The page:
Many Cleveland County residents never perused an etsy shop this holiday season. They never anticipated the arrival of their gifts through Amazon two-day delivery. They never stepped foot in a big box store.
For hundreds of people throughout Norman, the sole provider of their holiday gifts was the Cleveland County Christmas Store, a community project that’s helped low-income families in providing food, toys and household goods free of charge for more than 40 years. Thanks to the generosity of folks throughout the University of Oklahoma and Cleveland County communities, those shoppers can get that same gratification of picking out a gift that’s perfect for their loved one.
“Shopping day is when you get to see the real impact of what our store does,” said Charles Hollingsworth, chairman at the Cleveland County Christmas Store. Hollingsworth has the privilege of seeing the shoppers make their selections year after year. He’s seen many instances in which families return to the Christmas store to share their gratitude through donations and volunteering their time.
Just this year, Hollingsworth recalled a small boy who visited the Christmas store exclaiming to him, “This is toy land!” as he explored the toys.
Hollingsworth said families realize while shopping how blessed they are to be a part of something that not only benefits their family, but many other families as well. Many reiterate to him something he already knows: that without the Christmas store, there would be no presents underneath the tree come Christmas morning.
Qualifying Cleveland County residents apply for the opportunity to shop at the store. If they do qualify, they’re asked to work two hours at the store. And, after completing their volunteer hours, they’re able to get everything from toys for their children to groceries for their holiday dinner. Christmas store departments include toddlers through teenagers, seniors, household and grocery.
Donations from Cleveland County businesses and organizations pour into the store in the weeks leading up to Christmas. In fact, each year, departments across the University of Oklahoma’s Norman campus participate in the Fill the Trolley campaign, orchestrated by OU Parking Services. The campaign tasks individual departments with organizing their own toy, food and household item drives. After a few weeks of collecting items, Santa and his elves (also known as Roy Bendure of Cleveland Area Rapid Transit and his sidekicks) visit each department to collect the toys and load them up on the trolley to be taken to the Christmas store.
If the Fill the Trolley campaign were a competition, it’s safe to say Monnet Hall would be the reigning champ. Last year, the building donated 17 bicycles.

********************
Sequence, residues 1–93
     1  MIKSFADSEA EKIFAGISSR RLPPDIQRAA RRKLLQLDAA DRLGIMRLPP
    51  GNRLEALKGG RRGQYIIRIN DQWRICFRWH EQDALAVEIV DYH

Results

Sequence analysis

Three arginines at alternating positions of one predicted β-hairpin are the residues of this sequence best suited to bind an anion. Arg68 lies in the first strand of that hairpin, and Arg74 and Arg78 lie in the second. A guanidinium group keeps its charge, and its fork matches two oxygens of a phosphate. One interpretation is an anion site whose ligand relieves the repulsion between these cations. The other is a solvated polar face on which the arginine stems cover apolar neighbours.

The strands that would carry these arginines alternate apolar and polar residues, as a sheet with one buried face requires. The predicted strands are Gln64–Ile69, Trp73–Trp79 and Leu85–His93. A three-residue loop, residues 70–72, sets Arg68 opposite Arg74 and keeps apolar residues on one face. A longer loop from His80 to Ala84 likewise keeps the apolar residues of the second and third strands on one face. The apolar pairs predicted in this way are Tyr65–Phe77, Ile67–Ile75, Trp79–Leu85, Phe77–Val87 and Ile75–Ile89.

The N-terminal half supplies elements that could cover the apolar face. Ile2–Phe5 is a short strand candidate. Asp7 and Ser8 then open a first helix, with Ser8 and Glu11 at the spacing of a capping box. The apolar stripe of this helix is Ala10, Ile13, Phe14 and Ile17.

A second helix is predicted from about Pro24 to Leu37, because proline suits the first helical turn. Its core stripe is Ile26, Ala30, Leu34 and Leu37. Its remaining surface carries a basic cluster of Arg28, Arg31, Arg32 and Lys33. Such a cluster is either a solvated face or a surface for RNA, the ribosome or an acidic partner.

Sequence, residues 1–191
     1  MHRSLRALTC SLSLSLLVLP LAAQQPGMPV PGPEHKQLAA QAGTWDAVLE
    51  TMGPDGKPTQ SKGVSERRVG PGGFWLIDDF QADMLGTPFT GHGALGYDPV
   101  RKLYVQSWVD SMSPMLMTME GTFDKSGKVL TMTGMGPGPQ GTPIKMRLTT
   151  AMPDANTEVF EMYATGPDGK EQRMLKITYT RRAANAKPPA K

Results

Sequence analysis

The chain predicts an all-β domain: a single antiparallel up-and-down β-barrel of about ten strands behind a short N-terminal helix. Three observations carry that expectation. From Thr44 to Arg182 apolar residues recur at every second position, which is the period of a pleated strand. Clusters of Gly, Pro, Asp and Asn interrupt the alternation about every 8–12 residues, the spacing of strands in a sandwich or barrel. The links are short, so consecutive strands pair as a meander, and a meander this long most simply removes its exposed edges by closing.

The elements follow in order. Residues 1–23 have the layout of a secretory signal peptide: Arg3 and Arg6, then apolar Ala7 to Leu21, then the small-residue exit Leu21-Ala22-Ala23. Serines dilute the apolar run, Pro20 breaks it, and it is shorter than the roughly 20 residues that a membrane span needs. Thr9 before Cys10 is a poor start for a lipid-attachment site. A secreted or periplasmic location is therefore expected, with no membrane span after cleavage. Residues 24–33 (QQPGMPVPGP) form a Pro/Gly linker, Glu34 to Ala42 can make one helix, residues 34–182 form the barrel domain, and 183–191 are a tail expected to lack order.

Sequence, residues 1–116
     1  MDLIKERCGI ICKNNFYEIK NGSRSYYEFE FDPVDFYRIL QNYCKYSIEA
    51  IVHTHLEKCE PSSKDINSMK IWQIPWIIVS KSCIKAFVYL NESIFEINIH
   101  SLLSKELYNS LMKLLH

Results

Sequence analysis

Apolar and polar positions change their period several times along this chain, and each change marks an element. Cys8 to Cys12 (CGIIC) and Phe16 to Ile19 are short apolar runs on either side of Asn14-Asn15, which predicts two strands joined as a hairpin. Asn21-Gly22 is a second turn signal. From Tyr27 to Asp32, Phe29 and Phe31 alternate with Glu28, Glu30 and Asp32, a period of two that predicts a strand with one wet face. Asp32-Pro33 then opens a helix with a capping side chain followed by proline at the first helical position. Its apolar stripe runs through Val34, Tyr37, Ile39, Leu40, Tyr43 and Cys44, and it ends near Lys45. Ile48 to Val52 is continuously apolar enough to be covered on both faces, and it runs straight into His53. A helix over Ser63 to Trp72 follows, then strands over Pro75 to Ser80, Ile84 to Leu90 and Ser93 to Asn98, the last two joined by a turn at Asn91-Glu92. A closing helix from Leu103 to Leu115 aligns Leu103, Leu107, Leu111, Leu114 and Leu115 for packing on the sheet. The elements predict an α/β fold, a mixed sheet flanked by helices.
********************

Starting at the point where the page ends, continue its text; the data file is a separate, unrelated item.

“Everyone in the building pulls together,” said Kay Blunck, an accounts specialist at Monnet Hall. Blunck mentioned her co-workers’ gratitude for the Academy in Norman, which helps them each year in donating the bikes. “Everyone remembers their first bike, and everyone should have that opportunity.”
Other departments such as the K20 Center have made it a goal to have every employee donate a toy. It’s generosity like that that makes the trolley’s dropoffs at the Cleveland County Christmas Store more like a celebration.
“When the trolley arrives at the store, it is a big event,” Hollingsworth said.
One thing everyone seems to love about OU’s Fill the Trolley event is the big man himself. Holland said each department’s employees love to crowd around the jolly old man when he walks into the office to take pictures. The campus-wide tradition seems to bring the 7-year-old kid out in everyone.
Bendure explained that each year he gets a warm feeling from seeing all the departments respond so overwhelmingly. He said he enjoys getting into the mindset of the jocular Mr. Claus each year.
“Nobody knows who I am, so I can crack jokes in the suit,” Bendure said. “I enjoy making people laugh.”
The Cleveland County Christmas Store was launched in 1970 by Action, Inc., a non-profit organization funded both federally and locally to bring about more effective community social programs. Now, the Christmas store is overseen by a board of community volunteers and is locally funded.
“(The store is) able to provide hope to the families when no one else is knocking on their doors to help,” Hollingsworth said.
The Cleveland County Christmas Store is located at 641 E. Robinson Street in Norman. Learn more at the store’s website.